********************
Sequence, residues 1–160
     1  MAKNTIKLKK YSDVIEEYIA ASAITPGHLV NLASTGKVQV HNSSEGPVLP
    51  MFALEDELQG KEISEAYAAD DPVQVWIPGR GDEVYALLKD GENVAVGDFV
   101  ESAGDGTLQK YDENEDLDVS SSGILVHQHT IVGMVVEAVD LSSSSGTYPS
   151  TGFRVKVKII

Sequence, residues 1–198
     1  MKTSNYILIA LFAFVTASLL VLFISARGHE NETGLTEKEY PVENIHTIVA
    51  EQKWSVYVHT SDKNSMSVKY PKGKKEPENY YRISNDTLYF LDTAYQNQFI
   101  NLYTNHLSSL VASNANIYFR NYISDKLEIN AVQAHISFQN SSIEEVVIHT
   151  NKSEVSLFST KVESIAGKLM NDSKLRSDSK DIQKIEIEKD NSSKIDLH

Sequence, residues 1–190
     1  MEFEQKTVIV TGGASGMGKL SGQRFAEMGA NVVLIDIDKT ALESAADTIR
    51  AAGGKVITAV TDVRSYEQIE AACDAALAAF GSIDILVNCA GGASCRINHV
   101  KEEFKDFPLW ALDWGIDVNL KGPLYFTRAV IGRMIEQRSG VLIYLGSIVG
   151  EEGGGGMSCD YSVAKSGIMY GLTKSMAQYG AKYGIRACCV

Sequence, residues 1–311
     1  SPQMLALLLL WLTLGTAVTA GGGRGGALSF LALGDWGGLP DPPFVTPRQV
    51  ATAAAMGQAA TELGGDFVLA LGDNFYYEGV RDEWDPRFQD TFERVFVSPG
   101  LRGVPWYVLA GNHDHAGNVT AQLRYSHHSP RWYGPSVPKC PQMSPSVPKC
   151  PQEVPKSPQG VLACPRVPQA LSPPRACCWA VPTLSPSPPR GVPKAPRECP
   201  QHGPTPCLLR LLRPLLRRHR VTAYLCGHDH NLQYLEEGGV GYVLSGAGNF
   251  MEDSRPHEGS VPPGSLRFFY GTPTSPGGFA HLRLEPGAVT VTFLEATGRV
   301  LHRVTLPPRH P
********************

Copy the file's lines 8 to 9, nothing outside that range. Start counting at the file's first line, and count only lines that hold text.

    51  EQKWSVYVHT SDKNSMSVKY PKGKKEPENY YRISNDTLYF LDTAYQNQFI
   101  NLYTNHLSSL VASNANIYFR NYISDKLEIN AVQAHISFQN SSIEEVVIHT